What is Ministerial Intervention?

If you have applied for a visa, had it refused, and failed to get it remitted at the Administrative Appeals Tribunal, there is another option that may be available to you – Ministerial Intervention. Under the Migration Act, the Minister has the power to ‘intervene’ in your matter if they believe it is in the interests of the Australian public to do so, or if significant compassionate circumstances exist.

Ministerial Intervention is essentially one last opportunity to have your voice heard and do your best to prove that granting a visa to you is in some way beneficial to society. The chances of success in Ministerial Intervention can vary greatly depending on your visa history, the reasons that your visa has been refused, and your personal circumstances.

Unique or Exceptional Circumstances

Only a very small quantity of requests for intervention have a positive outcome. This is due to the fact that only cases with unique or exceptional circumstances will be considered by the Minister; for example, if refusal to recognise compassionate circumstances would result in serious, ongoing and irreversible harm to an Australian citizen or Australian family unit; if you have an exceptional capacity to contribute meaningfully to Australian society; or if you are unable to return to your country of citizenship due to circumstances beyond your control.

Documents that will be required to support compassionate claims include statutory declarations regarding the impact that your removal would have, medical or specialist reports, and a supporting letter from each person who would be negatively affected should your request not be considered.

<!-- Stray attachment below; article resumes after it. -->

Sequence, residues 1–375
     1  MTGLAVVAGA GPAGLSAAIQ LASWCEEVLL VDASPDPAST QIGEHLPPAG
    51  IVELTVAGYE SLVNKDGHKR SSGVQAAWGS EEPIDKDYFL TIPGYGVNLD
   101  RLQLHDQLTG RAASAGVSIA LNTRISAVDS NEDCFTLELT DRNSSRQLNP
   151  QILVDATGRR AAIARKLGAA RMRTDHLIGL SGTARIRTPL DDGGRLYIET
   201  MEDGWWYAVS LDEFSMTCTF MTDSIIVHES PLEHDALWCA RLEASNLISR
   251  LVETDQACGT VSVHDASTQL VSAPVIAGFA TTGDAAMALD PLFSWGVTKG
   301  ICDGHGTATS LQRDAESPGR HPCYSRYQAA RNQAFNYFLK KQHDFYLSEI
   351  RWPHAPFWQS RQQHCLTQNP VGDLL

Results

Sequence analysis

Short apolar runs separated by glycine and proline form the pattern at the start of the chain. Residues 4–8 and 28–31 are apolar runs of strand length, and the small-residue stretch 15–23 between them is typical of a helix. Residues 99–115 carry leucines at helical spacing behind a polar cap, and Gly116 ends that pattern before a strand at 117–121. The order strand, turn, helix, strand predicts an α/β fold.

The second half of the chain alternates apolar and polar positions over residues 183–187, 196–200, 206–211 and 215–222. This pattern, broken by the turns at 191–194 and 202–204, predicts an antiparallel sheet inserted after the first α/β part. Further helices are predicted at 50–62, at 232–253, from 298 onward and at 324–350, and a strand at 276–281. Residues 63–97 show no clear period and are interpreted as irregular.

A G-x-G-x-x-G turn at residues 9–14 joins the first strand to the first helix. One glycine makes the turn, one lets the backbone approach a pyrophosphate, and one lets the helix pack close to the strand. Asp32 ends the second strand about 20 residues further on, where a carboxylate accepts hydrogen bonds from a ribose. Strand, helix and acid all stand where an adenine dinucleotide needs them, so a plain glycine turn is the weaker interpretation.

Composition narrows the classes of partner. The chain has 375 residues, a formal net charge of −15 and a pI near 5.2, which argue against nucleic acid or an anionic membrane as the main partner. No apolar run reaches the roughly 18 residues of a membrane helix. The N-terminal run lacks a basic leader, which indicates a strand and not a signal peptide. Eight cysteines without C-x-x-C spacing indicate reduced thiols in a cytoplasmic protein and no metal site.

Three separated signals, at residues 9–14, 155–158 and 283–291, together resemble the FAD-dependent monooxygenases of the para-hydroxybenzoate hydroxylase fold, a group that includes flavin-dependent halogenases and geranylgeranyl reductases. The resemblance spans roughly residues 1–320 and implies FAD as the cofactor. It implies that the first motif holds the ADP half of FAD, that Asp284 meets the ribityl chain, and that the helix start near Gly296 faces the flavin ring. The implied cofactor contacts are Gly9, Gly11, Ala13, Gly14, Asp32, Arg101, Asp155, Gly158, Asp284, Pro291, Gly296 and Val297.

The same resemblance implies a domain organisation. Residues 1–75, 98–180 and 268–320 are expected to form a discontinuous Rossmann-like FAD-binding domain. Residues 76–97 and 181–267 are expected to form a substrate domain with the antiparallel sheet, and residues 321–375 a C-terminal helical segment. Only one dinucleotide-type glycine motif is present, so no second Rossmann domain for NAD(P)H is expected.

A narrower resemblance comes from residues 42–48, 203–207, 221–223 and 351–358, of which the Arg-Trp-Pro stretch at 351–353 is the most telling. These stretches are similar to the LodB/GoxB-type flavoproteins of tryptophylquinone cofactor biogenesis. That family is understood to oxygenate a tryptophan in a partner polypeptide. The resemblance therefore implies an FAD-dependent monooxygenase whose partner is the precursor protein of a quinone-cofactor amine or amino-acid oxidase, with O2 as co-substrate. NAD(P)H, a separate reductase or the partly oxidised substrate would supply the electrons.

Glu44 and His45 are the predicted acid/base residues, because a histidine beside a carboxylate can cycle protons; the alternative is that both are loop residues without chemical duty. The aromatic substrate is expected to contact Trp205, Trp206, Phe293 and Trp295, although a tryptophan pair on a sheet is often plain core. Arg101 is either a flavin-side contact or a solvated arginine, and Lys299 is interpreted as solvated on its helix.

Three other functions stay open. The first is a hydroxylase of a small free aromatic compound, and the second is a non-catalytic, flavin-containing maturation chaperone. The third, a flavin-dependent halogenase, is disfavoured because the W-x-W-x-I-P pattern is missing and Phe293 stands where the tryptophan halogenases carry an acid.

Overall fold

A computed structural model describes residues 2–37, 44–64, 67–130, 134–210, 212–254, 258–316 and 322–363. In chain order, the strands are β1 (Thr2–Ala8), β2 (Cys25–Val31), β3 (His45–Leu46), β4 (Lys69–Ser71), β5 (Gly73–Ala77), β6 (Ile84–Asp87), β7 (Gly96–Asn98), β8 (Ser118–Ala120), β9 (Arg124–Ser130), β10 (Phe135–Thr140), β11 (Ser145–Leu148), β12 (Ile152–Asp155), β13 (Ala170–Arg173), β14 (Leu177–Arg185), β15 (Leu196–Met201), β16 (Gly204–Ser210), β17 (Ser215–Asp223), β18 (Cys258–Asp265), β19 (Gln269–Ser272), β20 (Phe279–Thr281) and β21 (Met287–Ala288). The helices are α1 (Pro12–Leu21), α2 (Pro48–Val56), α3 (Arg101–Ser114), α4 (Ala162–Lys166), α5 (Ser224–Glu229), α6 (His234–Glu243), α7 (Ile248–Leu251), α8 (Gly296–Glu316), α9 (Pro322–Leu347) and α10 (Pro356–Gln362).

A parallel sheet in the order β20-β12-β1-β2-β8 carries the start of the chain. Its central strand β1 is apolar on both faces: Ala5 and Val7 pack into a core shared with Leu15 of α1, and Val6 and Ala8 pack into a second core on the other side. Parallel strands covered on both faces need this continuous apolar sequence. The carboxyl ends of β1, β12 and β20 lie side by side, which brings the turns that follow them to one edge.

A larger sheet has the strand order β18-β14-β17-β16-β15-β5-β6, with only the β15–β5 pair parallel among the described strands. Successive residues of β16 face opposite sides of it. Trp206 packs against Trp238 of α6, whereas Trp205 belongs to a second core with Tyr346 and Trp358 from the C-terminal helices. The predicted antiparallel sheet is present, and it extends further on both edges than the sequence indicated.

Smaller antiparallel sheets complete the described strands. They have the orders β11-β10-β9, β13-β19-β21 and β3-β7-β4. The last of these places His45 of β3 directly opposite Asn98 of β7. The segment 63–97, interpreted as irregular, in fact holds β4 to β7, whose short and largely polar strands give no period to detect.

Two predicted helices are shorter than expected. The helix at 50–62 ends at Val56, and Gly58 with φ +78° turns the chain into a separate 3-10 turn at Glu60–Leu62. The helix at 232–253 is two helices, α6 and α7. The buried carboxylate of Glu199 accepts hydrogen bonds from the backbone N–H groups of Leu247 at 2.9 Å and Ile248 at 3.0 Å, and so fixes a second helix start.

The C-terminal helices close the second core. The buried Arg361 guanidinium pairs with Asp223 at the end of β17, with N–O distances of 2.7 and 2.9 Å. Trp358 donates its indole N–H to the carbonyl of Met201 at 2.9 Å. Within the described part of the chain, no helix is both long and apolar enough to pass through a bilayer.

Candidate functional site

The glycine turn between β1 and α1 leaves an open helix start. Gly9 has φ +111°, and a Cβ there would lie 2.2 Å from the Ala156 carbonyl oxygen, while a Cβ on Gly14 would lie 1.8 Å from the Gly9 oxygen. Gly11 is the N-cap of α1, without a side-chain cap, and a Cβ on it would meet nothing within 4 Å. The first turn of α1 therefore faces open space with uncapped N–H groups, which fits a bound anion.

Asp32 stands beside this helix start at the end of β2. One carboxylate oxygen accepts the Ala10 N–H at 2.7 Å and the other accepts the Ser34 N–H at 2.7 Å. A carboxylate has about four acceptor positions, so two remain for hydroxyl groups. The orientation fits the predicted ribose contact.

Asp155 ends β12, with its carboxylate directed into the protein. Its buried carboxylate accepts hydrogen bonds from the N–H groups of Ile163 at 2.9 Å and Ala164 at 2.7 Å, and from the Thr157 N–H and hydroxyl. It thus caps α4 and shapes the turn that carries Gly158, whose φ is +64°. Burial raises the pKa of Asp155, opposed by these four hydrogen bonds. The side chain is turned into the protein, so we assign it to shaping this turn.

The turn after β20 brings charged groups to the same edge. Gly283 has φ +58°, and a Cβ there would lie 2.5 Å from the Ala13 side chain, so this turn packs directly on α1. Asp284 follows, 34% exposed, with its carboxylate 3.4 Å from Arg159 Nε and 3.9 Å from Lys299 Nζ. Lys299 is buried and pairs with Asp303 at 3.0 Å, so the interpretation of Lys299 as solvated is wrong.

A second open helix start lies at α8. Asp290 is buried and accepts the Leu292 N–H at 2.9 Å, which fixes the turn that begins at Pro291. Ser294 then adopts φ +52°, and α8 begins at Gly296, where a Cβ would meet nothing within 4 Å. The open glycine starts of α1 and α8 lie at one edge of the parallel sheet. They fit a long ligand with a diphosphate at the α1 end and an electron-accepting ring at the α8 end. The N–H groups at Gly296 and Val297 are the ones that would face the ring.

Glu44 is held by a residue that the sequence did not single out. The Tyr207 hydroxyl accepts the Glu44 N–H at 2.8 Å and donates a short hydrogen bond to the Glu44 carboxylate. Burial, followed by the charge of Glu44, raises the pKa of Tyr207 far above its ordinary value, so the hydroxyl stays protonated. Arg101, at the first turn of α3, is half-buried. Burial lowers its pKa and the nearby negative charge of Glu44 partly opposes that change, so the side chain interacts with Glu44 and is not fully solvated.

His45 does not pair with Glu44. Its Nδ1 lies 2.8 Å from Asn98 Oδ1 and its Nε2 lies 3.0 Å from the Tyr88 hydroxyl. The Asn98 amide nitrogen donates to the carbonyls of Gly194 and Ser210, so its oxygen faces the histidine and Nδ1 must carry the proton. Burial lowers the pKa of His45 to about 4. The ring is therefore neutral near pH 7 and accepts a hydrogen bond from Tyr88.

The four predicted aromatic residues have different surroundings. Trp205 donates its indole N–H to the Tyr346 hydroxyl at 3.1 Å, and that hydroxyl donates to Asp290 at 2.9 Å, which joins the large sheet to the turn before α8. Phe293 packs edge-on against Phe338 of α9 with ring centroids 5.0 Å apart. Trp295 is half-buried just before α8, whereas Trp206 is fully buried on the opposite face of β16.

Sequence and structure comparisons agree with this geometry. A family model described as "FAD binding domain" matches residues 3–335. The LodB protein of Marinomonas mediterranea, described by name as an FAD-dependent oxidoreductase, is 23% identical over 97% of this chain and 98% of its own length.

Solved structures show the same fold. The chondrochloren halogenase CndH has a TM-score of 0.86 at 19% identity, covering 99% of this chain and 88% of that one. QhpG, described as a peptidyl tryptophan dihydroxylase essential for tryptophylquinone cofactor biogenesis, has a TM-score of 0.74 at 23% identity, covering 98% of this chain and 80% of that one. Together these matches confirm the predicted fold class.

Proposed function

If you hope to prove that you have the capacity to make an exceptional positive impact on Australia’s economic, scientific, or cultural landscape, you may also be permitted to remain in Australia on this basis. Evidence of this could include the recognition of your skills and qualifications by a relevant Australian assessment authority, references from employers, or other evidence of recognition in your industry such as awards or letters of support.

Eligibility to Request Intervention

It is important to note that you may also be ineligible to request Ministerial Intervention due to a range of factors, such as failing to satisfy character grounds, being subject to certain visa conditions such as condition 8503, or being an unlawful non-citizen. While a request for Ministerial Intervention is processing, you are also unable to leave Australia – doing so will automatically result in a failed application.

If you wish to proceed with requesting Ministerial Intervention, you will need to be aware of the strict time limits that will apply to your application, and ideally already have the bulk of the information you will need in order to apply at hand so that your request can be made as promptly as possible.

Ethos Migration Lawyers has extensive experience in successful intervention, meaning that the Minister has agreed to intervene and grant the applicant a visa to enable them to remain in Australia lawfully. Ministerial Intervention is likely to be your last chance to secure a visa – ensure that you make the most of it, and get in touch with us for the best possible chance of success.